Talking Points
May 2024

A Better UI for Color Blindness

Color plays an essential role in UI design. When applied properly, color improves user experiences, influences purchasing decisions, and strengthens brand identity. But to use color in a way that’s equally effective for color blind individuals takes a little extra knowledge and skill. Roughly every 1 in 12 men, and 1 in 200 women, are color blind. While those who are color blind see things as clearly as everyone else, they can’t fully discern red, green, and blue light. So, let’s look at seven ways you can make your site more accessible, and the experience more satisfying, for color blind customers.

  1. Use Patterns and Textures
    It’s easier for color vision deficient users to distinguish patterns and textures. So, incorporate them into your designs and diagrams whenever possible. You can add text labels, as well, to make elements even easier to discern.
  2. Combine Colors with Symbols
    Don’t rely solely on color to communicate errors or convey information through your UI. Using colored icons and symbols instead will make errors or highlights equally apparent to all users.
  3. Apply Text Labels
    Apply text labels to color filters and swatches to improve accessibility for color blind users. Descriptive text will help color blind readers differentiate similarly colored or shaded areas.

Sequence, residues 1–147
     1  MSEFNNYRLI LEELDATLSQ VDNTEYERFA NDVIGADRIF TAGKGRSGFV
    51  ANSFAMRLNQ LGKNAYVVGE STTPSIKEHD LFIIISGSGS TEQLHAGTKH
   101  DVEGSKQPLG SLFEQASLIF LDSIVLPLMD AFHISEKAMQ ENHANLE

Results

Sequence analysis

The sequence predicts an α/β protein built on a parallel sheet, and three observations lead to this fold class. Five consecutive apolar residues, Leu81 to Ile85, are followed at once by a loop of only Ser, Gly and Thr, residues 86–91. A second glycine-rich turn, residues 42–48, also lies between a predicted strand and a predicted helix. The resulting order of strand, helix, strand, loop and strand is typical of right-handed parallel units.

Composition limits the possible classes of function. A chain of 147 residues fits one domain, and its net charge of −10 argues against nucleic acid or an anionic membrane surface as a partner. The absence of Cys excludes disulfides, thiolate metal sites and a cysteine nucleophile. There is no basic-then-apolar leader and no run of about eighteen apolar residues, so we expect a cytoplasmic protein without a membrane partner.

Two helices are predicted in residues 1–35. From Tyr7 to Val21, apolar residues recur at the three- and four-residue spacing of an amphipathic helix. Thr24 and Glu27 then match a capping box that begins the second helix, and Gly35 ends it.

4. Underline Links
    It’s a good idea to always add an underline to text links. This makes it easier to immediately tell regular text and anchor text apart. It also makes it unnecessary to hover over text to find links.
  5. Avoid Certain Color Combos
    Color blind viewers often struggle with certain color combinations. Steer clear of these combinations: green/red, green/blue, green/brown, green/black, green/gray, blue/gray, light green/yellow, blue/purple.
  6. Distinguish Primary Buttons
    Designers frequently rely on color to make primary buttons stand out. Instead, differentiate primary and secondary buttons by using size, placement, contrast, or design elements, such as borders, icons, or font weight.
  7. Mark Required Fields
    When viewing online forms, color blind readers can’t always tell a required field from an optional field. Label required fields with an asterisk (*), with words (“Required” or “Optional”), or simply remove optional fields.

In the end, both your site and your organization will benefit. A UI designed with color blind users in mind means better accessibility, more traffic and greater customer satisfaction.

Based on Designing UI with Color Blind Users in Mind from

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